Theoretical Frameworks for Practice EDUC5946
- Academic Session: 2019-20
- School: School of Education
- Credits: 20
- Level: Level 5 (SCQF level 11)
- Typically Offered: Semester 1
- Available to Visiting Students: Yes
- Available to Erasmus Students: Yes
This course explores the contested nature of community, power, identity and social change within the neoliberal epoch. It critically evaluates a range of theoretical and practice models and considers their applicability to analyse social phenomena and shape practice which enables change processes at an individual, community and societal level.
The course is delivered in weekly four hour blocks over 5 weeks
Requirements of Entry
Students will write a 3000-word assignment in which they identify a local UK and an overseas case study and analyse their practice in terms of their effectiveness in promoting empowerment and social justice. They must then discuss the resulting lessons for their own practice. (75%)
Students will contribute to a group presentation which analyses a local authority's Adult Education, Community Development or Youth Work provision (25%)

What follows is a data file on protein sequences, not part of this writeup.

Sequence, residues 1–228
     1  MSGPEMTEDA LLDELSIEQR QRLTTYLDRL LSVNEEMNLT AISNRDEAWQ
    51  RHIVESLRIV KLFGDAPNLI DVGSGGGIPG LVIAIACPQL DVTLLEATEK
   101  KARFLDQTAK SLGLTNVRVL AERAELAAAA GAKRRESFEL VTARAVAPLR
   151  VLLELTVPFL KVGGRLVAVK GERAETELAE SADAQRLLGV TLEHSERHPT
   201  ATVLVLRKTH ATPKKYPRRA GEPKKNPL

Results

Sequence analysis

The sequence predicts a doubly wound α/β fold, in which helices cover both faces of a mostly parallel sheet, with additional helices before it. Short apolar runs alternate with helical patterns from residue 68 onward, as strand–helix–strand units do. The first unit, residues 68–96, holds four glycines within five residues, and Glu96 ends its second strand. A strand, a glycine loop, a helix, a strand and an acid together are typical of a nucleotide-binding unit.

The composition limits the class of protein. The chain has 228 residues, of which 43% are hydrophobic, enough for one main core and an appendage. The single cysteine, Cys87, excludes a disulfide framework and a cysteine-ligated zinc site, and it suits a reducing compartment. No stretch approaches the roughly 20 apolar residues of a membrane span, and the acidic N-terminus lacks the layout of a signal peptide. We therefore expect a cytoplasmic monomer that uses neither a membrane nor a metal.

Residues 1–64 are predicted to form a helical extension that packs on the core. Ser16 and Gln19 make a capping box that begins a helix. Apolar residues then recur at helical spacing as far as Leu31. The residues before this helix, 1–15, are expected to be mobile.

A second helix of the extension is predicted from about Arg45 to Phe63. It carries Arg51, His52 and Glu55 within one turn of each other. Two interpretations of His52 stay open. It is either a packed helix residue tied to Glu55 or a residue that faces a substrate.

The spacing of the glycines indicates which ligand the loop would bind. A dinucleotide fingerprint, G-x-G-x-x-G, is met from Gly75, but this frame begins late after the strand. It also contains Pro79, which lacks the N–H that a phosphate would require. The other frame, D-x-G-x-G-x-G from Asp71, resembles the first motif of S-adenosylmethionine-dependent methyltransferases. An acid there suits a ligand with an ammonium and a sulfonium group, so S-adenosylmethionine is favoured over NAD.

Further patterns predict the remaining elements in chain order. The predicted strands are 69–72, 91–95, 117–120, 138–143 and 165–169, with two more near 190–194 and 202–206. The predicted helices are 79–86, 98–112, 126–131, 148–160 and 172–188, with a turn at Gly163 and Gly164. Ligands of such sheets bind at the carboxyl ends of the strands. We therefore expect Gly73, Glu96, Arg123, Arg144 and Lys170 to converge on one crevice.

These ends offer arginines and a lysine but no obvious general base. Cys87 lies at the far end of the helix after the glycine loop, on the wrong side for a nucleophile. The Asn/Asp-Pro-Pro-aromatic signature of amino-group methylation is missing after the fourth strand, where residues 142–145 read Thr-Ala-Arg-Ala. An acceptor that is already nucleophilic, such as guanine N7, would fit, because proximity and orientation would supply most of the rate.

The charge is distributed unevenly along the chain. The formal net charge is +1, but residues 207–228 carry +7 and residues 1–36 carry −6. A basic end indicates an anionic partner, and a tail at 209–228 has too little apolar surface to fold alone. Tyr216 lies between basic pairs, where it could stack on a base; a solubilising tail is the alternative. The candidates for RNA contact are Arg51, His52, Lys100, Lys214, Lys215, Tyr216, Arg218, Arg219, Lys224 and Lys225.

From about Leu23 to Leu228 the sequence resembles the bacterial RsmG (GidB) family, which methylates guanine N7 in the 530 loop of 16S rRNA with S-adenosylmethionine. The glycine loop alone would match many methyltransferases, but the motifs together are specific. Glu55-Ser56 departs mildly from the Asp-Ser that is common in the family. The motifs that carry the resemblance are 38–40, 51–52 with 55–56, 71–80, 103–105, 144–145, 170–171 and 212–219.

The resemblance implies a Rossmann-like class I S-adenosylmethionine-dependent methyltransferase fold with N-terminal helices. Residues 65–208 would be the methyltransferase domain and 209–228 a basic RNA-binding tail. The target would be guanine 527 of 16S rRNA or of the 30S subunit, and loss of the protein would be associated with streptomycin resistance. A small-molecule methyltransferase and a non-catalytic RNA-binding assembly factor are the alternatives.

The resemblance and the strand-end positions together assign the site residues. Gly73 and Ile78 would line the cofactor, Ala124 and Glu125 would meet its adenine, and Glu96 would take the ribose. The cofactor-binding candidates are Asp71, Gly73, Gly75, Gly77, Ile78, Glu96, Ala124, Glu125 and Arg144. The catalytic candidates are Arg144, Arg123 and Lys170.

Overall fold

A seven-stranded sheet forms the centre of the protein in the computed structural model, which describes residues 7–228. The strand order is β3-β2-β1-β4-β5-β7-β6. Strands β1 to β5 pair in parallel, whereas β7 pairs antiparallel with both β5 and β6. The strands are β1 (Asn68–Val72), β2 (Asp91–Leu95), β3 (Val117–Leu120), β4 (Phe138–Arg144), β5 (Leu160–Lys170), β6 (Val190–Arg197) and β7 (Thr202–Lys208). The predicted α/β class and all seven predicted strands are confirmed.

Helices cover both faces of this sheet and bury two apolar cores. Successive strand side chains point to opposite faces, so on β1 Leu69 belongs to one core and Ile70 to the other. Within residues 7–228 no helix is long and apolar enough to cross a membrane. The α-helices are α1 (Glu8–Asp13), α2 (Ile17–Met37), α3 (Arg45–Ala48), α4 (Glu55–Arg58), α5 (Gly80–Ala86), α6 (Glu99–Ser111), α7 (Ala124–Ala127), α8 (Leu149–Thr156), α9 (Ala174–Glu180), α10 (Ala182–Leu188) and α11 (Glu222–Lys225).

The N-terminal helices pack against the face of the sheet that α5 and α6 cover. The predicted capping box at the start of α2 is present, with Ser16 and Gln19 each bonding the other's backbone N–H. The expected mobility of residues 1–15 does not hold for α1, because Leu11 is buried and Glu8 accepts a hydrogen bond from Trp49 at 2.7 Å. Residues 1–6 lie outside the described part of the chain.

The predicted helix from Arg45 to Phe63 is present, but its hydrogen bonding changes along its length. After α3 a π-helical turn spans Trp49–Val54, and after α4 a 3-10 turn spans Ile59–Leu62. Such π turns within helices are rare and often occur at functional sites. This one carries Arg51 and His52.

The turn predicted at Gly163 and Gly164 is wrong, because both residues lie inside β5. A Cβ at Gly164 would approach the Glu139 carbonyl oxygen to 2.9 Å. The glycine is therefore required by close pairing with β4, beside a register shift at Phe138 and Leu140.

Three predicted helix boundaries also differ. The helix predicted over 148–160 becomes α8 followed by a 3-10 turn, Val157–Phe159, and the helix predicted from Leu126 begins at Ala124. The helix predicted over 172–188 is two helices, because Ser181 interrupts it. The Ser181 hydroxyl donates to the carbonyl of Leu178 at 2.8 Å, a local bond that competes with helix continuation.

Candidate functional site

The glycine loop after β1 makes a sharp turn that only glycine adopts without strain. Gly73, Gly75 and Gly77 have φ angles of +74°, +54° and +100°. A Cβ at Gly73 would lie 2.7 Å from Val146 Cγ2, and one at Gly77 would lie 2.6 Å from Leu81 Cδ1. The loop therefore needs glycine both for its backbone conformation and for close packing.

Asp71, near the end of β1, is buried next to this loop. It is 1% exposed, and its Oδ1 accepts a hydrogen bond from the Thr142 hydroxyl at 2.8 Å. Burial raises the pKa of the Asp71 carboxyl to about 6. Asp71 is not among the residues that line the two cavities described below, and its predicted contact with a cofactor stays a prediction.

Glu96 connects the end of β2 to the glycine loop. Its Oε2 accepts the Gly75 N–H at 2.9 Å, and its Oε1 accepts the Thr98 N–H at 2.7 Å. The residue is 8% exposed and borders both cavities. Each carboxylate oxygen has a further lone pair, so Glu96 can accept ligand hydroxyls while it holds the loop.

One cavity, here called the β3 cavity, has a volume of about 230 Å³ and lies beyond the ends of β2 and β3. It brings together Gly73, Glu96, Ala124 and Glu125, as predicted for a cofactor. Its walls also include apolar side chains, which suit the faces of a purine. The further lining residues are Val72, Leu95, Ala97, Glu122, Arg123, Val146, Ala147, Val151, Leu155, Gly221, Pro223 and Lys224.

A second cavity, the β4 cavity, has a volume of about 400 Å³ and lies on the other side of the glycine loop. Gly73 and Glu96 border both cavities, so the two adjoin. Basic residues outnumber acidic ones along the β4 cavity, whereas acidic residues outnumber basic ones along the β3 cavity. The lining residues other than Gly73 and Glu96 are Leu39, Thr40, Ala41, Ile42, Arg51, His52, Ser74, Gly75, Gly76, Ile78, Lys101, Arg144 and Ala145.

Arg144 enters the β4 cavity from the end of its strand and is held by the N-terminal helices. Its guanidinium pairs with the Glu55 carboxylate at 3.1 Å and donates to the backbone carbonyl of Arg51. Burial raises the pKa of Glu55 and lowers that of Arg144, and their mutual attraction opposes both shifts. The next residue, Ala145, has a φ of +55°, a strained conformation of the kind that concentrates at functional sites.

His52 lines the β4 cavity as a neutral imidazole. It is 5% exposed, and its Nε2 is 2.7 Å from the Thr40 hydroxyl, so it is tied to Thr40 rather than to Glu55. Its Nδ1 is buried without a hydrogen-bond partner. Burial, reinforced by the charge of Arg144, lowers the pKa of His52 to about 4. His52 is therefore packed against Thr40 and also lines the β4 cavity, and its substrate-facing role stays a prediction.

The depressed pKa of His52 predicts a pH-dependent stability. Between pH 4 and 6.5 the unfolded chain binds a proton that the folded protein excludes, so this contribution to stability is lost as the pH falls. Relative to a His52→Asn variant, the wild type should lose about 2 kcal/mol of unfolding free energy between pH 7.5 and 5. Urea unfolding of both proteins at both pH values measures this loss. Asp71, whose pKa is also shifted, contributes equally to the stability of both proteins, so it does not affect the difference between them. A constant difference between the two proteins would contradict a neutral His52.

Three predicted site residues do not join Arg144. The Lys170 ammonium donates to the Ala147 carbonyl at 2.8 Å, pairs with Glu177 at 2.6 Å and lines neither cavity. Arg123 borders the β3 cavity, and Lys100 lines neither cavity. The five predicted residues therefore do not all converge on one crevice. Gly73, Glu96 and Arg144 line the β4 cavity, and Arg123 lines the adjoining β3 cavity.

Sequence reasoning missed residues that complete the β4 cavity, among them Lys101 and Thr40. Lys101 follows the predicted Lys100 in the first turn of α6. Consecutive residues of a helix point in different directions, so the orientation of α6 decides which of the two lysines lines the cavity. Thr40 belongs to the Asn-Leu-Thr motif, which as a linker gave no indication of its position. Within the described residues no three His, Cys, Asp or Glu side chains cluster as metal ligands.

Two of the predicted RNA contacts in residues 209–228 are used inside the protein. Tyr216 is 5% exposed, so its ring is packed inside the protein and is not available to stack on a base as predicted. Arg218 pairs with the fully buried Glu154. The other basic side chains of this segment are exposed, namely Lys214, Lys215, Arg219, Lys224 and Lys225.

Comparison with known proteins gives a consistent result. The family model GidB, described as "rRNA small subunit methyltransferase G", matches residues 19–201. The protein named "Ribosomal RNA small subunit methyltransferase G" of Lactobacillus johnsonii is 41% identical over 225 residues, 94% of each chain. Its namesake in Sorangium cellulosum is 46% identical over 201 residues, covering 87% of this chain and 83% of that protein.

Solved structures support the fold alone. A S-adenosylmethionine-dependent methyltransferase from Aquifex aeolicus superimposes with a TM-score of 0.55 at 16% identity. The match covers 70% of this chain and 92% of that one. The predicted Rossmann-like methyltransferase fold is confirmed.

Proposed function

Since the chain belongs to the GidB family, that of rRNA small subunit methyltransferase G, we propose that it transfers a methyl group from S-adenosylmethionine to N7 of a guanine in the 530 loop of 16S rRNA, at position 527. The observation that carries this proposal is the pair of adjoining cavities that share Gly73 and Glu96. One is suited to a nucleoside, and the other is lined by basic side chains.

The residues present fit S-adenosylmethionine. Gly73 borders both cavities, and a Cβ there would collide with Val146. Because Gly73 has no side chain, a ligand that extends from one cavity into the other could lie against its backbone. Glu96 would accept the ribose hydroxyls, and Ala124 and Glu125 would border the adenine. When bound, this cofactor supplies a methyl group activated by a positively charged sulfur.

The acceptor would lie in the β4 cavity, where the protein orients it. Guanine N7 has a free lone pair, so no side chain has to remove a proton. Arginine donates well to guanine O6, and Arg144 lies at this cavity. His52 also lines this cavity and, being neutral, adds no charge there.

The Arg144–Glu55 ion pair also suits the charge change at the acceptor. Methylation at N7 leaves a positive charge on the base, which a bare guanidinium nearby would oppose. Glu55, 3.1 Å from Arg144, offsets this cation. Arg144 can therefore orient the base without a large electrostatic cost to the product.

Both elements of assessment must be completed
To explore the central concepts required to analyse the social, cultural, and political contexts where adult education, community development and youth work are practised and to review a range of underpinning principles and theories that inform the diverse practices and approaches in adult education, community and youth settings.
Intended Learning Outcomes of Course
By the end of this course students will be able to:
Locate the development of Adult Education, Community Work and Youth Work within a wider discourse of critical pedagogy and post critical theories
Critically analyse a variety of theoretical concepts including power, empowerment, social justice and social change
Identify and analyse the impact of power, identity and discourse in theory, policy and practice both locally and globally
Minimum Requirement for Award of Credits
Students must submit at least 75% by weight of the components (including examinations) of the course's summative assessment.
A minimum of 80% attendance at compulsory lectures